Presentation Authors: Ben H. Chew*, Vancouver, Canada, Bodo E. Knudsen, Columbus, OH, Wilson R. Molina, Lawrence, KS
Introduction: Holmium:YAG laser is the current lithotrite of choice. Although improvements such as higher pulse frequency, longer pulse duration, and multi-pulse technology have advanced the platform, inherent limitations remain include high amperage power requirements, upper limits of pulse frequency, and limitations regarding fiber size. A new technology utilizing Thulium Fiber, which is completely different from Thulium:YAG, offers low pulse energy settings and pulse frequencies over 600Hz. We compared the novel Super Pulse Thulium Fiber laser (SPTF) to a commercially available 120W Ho:YAG laser.
Methods: Standard, homogeneous 5mm3 Begostones were used for all testing (n=10). To test ablation, stones were reduced using a commercially available 120W laser vs the SPTF laser until remaining particles were < 1 mm. To test fragmentation and dusting, resulting particle sizes were measured after delivering a total of 0.5 kJ and 2kJ, respectively.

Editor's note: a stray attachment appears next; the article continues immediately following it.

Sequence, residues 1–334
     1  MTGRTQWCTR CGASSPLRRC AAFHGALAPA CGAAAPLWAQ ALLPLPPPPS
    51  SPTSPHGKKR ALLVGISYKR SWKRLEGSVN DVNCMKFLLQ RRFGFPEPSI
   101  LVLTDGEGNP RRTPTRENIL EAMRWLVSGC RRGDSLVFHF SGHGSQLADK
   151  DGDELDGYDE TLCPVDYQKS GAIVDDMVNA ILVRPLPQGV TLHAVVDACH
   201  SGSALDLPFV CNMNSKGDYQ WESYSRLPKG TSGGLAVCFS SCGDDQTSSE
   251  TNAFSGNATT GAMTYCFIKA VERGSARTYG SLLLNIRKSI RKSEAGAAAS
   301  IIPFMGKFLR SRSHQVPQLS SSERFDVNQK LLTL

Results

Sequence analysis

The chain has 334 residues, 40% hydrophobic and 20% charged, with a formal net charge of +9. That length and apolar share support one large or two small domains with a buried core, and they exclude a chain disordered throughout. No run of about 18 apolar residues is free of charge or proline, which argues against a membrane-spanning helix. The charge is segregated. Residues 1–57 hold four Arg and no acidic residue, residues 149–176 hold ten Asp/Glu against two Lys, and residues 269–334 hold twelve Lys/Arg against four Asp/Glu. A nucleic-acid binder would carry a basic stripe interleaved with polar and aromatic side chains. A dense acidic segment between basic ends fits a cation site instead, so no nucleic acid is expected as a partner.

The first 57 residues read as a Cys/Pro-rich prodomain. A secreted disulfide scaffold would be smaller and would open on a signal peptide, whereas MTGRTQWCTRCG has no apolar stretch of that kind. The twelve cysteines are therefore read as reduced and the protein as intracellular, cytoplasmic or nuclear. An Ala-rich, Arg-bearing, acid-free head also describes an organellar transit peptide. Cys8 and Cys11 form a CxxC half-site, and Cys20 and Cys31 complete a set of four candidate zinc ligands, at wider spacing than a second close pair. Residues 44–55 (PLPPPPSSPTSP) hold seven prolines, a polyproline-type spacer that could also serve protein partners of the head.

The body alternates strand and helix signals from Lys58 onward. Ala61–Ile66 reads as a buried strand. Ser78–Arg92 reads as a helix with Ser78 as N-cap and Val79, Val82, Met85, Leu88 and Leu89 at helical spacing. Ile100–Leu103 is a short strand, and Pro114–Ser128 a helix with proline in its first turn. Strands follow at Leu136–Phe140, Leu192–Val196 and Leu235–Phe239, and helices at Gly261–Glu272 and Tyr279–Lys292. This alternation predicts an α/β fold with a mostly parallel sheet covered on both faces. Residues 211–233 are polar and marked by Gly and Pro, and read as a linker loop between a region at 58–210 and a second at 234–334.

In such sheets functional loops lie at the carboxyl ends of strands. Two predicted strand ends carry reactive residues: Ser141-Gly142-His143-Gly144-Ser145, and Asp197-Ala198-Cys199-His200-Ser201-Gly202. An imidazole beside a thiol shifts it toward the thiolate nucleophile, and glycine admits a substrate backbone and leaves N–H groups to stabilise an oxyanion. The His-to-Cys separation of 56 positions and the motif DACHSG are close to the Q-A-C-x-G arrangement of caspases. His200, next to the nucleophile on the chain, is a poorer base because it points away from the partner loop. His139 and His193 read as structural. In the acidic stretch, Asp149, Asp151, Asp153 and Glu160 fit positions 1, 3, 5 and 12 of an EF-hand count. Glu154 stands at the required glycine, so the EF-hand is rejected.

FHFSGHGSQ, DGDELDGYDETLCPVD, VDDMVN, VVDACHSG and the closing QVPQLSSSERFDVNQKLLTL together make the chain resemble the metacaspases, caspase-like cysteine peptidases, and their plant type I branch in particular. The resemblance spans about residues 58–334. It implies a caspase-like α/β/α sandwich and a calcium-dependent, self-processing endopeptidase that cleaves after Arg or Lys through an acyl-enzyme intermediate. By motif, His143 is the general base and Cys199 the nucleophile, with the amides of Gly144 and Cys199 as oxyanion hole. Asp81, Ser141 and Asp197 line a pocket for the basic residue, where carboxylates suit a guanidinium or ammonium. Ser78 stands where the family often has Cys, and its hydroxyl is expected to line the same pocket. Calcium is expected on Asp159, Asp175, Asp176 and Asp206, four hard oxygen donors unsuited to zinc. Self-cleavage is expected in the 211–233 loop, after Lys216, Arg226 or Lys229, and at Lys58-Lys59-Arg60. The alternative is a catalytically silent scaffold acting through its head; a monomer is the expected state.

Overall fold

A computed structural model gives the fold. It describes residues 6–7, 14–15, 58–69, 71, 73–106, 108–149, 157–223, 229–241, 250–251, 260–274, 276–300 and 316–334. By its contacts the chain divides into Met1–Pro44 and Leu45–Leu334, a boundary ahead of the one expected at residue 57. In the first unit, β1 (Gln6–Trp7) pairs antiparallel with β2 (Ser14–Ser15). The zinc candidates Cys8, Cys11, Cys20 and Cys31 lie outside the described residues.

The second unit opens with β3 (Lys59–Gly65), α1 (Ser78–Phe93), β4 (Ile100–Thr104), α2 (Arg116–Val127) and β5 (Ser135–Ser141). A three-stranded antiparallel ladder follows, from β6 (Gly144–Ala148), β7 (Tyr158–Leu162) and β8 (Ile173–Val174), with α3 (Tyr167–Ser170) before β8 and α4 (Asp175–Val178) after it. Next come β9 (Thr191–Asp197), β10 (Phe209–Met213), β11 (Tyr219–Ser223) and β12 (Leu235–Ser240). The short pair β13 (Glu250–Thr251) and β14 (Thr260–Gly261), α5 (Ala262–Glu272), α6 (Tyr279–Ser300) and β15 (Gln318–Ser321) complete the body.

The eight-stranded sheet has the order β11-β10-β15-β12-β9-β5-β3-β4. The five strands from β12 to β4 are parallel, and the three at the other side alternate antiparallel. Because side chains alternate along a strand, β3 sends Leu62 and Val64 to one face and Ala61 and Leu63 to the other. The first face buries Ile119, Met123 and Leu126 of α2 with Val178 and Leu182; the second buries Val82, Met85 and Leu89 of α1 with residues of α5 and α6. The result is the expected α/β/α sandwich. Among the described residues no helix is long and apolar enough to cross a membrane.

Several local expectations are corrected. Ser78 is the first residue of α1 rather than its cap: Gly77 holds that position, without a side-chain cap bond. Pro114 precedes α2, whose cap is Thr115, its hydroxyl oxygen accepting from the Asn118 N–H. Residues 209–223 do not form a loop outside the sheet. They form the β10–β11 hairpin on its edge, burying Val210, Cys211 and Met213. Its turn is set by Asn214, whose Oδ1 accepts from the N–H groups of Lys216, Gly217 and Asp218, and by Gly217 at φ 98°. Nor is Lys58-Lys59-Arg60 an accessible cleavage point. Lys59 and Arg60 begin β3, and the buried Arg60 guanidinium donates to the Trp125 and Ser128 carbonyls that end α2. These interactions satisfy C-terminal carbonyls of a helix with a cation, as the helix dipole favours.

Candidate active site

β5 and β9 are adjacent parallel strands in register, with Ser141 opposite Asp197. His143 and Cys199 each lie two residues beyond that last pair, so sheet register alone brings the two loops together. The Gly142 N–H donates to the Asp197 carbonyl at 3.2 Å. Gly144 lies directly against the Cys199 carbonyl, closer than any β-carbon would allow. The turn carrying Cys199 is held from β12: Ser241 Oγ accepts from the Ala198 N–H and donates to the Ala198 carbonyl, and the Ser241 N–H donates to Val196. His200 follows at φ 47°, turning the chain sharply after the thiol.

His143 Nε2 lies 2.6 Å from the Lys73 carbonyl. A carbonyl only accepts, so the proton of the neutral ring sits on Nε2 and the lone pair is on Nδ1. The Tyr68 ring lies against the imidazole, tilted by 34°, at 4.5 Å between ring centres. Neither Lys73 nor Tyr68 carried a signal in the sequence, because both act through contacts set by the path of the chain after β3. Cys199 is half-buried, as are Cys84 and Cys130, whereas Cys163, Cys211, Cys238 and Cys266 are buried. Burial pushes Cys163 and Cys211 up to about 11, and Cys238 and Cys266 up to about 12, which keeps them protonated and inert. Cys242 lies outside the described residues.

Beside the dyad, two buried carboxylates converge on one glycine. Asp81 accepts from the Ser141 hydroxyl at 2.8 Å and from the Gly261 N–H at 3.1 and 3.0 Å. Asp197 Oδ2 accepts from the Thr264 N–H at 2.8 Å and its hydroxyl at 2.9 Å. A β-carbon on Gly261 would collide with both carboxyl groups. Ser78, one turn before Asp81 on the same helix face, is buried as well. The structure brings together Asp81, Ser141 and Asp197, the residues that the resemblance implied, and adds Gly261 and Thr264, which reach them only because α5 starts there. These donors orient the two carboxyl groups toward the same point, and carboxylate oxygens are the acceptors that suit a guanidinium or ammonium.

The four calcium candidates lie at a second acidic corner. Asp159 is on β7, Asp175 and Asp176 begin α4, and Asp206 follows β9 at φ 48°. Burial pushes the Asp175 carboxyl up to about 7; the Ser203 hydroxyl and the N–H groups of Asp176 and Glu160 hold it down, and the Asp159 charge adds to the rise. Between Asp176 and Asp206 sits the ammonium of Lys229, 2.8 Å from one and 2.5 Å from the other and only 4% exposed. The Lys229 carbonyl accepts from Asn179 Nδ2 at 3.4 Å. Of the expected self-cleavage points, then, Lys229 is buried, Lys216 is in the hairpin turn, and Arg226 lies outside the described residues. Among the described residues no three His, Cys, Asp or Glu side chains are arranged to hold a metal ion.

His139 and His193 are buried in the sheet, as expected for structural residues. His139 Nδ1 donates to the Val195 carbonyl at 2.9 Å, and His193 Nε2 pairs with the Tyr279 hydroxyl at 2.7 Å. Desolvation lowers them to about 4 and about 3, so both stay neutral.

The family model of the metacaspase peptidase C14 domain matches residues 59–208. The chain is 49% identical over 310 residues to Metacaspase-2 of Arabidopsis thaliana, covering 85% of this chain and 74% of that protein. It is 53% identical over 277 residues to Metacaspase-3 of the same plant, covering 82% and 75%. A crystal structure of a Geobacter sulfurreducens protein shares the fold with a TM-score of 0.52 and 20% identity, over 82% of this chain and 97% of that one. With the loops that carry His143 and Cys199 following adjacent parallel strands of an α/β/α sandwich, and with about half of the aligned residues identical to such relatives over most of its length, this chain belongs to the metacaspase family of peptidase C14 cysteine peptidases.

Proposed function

Results: Ablation to particles < 1 mm was significantly faster using the SPTFL laser 2.23Â±0.22 mg/s (0.6J 30Hz SP) compared to the 120W laser 1.78Â± 0.44 mg/s (0.8J 10Hz SP), p=0.01 (Fig 1). After delivering 0.5kJ, fewer particles >2mm remained for SPTF than for the 120W laser (2.1 vs 7.2 fragments). Clinically, this would equate to fewer basketing passes for SPTF. The dusting rate (1.05Â± 0.08 mg/s ) was significantly faster using SPTF (0.1J 200Hz SP) compared to 120W 0.46Â±0.09 mg/s (0.3J 70Hz Moses), p < 0.001 (Fig 1). After delivering 2kJ, the SPTFL (0.1J 200Hz) produced 40% dust < 0.5mm compared to 24% produced by the 120W laser at 0.3J 70Hz Moses and 14% at 0.3J 70Hz LP, p < 0.005 (Fig 2).
Conclusions: The new Super Pulse Thulium Fiber laser is more efficacious in bench testing than a commercially available 120W laser in fragmenting and dusting stones. In tests of particle sizes, it produced smaller particles of dust. Fragmentation produced fewer fragments using SPTF (and more dust), thus making basketing more efficient.
Source of Funding: The Authoring Physicians are paid consultants to Olympus Corporation of the Americas.